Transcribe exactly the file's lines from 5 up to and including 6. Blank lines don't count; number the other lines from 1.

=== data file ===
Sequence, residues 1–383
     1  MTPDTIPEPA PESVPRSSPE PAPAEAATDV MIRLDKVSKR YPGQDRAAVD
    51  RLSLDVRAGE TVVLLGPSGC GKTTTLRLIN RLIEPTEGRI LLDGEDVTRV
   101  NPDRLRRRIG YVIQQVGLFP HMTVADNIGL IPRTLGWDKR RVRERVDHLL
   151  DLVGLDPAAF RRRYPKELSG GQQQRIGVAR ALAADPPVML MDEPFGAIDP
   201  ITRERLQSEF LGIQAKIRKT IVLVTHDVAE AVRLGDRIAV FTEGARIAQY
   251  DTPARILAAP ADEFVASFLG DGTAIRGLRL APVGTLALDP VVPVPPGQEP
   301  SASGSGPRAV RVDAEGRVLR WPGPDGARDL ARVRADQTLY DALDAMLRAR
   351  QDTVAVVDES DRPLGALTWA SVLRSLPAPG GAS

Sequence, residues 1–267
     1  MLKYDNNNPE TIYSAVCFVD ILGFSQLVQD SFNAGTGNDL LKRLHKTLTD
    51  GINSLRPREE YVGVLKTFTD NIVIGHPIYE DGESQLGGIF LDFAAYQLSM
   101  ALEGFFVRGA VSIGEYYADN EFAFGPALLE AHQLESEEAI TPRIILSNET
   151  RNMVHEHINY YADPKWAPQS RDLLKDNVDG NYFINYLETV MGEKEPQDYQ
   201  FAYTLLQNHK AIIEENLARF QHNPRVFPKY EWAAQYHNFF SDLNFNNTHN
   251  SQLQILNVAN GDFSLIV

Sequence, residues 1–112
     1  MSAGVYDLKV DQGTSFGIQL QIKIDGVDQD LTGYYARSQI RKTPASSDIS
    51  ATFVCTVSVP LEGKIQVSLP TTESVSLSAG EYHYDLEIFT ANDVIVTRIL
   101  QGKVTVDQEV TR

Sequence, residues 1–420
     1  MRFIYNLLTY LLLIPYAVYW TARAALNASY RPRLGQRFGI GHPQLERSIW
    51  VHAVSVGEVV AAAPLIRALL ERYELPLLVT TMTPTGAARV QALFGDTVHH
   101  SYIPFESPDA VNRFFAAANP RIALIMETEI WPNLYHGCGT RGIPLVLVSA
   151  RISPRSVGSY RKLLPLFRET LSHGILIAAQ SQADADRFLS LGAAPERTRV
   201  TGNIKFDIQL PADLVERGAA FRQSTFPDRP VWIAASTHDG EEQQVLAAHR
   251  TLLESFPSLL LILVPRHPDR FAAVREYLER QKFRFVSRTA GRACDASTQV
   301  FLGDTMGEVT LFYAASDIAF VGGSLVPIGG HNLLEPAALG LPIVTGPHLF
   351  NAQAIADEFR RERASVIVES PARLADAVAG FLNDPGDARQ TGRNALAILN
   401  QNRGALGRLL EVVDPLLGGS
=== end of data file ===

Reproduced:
   151  DLVGLDPAAF RRRYPKELSG GQQQRIGVAR ALAADPPVML MDEPFGAIDP
   201  ITRERLQSEF LGIQAKIRKT IVLVTHDVAE AVRLGDRIAV FTEGARIAQY